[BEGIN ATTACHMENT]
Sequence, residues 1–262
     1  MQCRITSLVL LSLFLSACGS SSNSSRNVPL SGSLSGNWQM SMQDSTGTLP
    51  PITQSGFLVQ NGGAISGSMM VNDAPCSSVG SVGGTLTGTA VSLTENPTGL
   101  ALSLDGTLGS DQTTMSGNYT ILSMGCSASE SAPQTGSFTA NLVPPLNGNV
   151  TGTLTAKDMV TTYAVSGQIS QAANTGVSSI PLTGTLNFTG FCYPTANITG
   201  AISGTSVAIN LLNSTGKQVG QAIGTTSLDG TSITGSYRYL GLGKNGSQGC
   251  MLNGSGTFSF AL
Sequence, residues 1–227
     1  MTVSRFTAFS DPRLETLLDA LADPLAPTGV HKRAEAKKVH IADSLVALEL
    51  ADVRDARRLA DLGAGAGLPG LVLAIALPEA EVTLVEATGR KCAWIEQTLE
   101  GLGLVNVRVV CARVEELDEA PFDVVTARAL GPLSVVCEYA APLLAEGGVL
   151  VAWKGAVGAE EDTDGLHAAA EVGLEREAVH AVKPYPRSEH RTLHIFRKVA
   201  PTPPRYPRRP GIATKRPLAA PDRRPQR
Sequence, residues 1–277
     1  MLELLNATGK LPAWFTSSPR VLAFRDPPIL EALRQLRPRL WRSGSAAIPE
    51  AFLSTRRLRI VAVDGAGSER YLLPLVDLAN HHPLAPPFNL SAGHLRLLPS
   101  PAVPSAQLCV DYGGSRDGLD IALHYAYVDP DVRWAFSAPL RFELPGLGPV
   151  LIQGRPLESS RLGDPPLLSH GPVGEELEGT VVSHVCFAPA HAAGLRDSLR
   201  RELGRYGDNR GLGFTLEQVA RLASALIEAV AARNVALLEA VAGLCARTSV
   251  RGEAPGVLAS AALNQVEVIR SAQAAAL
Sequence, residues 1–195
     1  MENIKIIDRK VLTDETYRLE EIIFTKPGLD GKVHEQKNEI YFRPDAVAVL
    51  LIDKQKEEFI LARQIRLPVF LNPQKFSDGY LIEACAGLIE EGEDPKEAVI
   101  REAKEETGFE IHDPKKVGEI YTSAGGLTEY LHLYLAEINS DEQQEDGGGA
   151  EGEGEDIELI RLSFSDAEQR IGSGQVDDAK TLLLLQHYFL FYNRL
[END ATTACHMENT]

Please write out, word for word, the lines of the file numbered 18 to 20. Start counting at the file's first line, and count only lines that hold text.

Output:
   151  LIQGRPLESS RLGDPPLLSH GPVGEELEGT VVSHVCFAPA HAAGLRDSLR
   201  RELGRYGDNR GLGFTLEQVA RLASALIEAV AARNVALLEA VAGLCARTSV
   251  RGEAPGVLAS AALNQVEVIR SAQAAAL